March 26, 2015
9:00 a.m.–3:00 p.m.


Thomas Dixon Lovely Ballroom
Ruth S. Harley University Center
Tagged: Adelphi University, Collaboration Project, The Changing Nature of War and Peace

Symposium on the Changing Nature of War and Peace

Event, Campus Event, Lecture Series

Morning Panels on “The Changing Means of Waging War”

9:25-10:40 a.m. – Individual Presentations
10:50-11:35 a.m. – Roundtable Discussion

The topic will be targeted killings by means of drones. Each scholar will address this novel and controversial means of fighting war from the standpoints of their own disciplines: International Law, Ethics, and International Relations respectively. Afterward, they will engage with one another and the audience in an open roundtable discussion of the topic. The two morning sessions will feature the following three scholars:

Adil Haque—Rutgers School of Law

Professor Adil Haque is an expert in the International Law of War and its moral underpinnings. He has numerous publications on the justice and laws of armed conflict and he is currently writing a book on the moral foundations of the law of armed conflict for Oxford University Press.                                

Jeff McMahan—Oxford University

Professor Jeff McMahan is the leading ethicist of war and armed conflict today. He has published extensively on the topic of war and has two influential books, Killing in War (Oxford Univ. Press, 2009) and The Ethics of Killing: Problems at the Margins of Life (Oxford Univ. Press, 2002). In addition, Professor McMahan has published several Op-Ed articles in The New York Times, The Huffington Post, and al-Jazeera America.

Daniel Brunstetter—University of California Irvine

Professor Daniel Brunstetter has written widely on the use of drones and targeted killings. He is currently writing a book on “ways in which US presidents have understood and implemented the ethical principles of the just war.” 

Afternoon Panels on “Confronting Peace”

12:15-1:30 p.m. – Individual Presentations
1:40-2:55 p.m. – Roundtable Discussion

Peace has been elusive throughout human history—the annals indicate that war characterizes much of human condition. Considerable attention is paid to the causes and conduct of large scale human conflict, but humanity is also inspired by visions of a more just, humane and peaceful world where the devastation of war is truly history. But what does peace, especially sustainable peace, look like? The afternoon panels examine systemic and localized peacebuilding as well as the challenges to peace through new sources of conflict and instability. These panels feature:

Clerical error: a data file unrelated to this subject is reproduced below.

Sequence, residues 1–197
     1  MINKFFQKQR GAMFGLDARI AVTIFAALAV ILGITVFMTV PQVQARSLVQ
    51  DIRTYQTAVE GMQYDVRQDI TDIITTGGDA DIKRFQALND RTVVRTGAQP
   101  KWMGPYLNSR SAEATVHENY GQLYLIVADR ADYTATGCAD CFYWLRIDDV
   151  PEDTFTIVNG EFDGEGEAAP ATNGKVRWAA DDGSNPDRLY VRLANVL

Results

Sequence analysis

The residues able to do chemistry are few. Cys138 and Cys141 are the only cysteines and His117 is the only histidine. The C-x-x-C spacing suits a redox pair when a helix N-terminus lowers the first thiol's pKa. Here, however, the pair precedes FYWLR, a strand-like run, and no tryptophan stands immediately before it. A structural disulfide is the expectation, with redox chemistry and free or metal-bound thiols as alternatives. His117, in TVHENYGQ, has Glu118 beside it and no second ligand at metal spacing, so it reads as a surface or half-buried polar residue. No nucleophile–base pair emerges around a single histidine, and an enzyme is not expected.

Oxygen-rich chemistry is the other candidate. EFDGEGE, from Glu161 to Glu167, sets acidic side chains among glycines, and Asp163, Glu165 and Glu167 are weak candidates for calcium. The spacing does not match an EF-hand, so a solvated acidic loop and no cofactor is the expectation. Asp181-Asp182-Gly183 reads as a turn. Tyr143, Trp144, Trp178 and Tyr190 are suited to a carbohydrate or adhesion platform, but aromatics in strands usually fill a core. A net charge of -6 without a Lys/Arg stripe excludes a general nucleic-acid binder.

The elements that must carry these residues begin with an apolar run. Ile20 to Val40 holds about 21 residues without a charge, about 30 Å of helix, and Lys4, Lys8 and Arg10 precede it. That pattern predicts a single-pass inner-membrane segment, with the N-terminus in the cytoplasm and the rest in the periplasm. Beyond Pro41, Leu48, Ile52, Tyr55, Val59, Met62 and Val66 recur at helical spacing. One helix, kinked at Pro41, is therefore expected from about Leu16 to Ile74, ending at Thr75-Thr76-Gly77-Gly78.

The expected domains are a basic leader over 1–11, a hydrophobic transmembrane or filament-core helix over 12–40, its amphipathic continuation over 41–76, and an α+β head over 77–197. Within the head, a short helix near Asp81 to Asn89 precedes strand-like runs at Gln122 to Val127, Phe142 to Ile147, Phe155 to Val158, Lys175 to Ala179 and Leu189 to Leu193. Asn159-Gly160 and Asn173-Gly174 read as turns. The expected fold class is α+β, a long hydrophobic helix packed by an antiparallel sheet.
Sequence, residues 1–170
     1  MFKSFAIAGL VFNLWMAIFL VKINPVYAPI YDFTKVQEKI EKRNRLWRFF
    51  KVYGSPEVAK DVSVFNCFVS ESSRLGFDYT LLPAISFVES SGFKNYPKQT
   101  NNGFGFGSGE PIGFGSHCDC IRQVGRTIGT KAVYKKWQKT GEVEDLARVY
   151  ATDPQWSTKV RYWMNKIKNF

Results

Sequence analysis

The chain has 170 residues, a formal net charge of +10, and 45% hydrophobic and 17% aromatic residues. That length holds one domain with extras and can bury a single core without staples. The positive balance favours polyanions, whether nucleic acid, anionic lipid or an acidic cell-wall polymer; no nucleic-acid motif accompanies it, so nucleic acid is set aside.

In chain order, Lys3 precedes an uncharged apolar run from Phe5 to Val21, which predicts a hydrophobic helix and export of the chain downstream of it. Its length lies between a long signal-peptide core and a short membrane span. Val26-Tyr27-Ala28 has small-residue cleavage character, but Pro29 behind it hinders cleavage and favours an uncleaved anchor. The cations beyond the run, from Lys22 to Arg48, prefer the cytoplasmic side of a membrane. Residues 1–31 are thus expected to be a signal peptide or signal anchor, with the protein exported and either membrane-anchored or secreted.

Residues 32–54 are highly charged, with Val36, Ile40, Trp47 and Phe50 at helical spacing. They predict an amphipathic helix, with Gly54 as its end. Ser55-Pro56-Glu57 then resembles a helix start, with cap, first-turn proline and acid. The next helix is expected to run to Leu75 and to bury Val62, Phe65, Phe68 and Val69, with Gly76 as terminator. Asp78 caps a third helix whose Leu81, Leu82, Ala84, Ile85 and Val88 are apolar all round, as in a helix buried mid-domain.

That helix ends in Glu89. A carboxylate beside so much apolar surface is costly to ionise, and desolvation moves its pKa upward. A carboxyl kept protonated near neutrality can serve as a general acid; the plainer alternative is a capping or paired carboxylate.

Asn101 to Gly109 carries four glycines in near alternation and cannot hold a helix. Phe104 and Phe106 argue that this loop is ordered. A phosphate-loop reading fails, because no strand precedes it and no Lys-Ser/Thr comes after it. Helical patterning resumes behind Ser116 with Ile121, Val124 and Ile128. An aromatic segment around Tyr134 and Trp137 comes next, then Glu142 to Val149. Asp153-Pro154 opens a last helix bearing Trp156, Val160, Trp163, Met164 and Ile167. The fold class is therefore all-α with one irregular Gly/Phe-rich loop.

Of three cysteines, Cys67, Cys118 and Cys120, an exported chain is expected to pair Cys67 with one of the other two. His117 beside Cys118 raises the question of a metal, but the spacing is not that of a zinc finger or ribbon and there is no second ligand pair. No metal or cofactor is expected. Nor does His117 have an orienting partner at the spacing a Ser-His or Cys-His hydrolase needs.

Séverinne Autesserre—Barnard College

Professor Séverinne Autesserre is the author of Peaceland – Conflict Resolution and the Everyday Politics of International Intervention (Cambridge, 2014) and The Trouble with the Congo: Local Violence and the Failure of International Peacebuilding (Cambridge, 2010). She has published articles in International Organization, International Peacekeeping and African Affairs. She was awarded 2011 Chadwick Alger Prize from the International Studies Association for the best book on international organizations and multilateralism and the 2012 Grawemeyer Award for Ideas Improving World Order.

Joshua S. Goldstein– American University

Professor Joshua S. Goldstein is an interdisciplinary scholar of war, peace, and international relations, and author of Winning the War on War: The Decline of Armed Conflict Worldwide (Dutton/Penguin, 2011), The Real Price of War (NYU, 2004), and War and Gender: How Gender Shapes the War System and Vice Versa (Cambridge, 2001). Goldstein has published articles in Foreign Affairs, Foreign Policy, American Political Science Review, Journal of Conflict Resolution, and International Studies Quarterly, among others, and Op Ed pieces in The New York Times, Washington Post, and elsewhere.

Dominic Rushe—The Guardian Newspaper

Mr. Dominic Rushe is the US business editor for The Guardian newspaper. He was part of the Pulitzer Prize-winning team that first reported Snowden’s revelations, for which he was also awarded the Investigative Reporters and Editors medal. Mr. Rushe first came to the US to report on the aftermath of 9/11 for the London Sunday Times and has been with The Guardian for five years. His current interest is on the largely hidden conflicts of cyber-space and their implications for privacy.

2:30-3:00 p.m. – Performance by the Mineola High School Choir: Songs of Unity and Protest

Part of the Changing Nature of War and Peace initiative.
Tagged: Adelphi University, Collaboration Project, The Changing Nature of War and Peace
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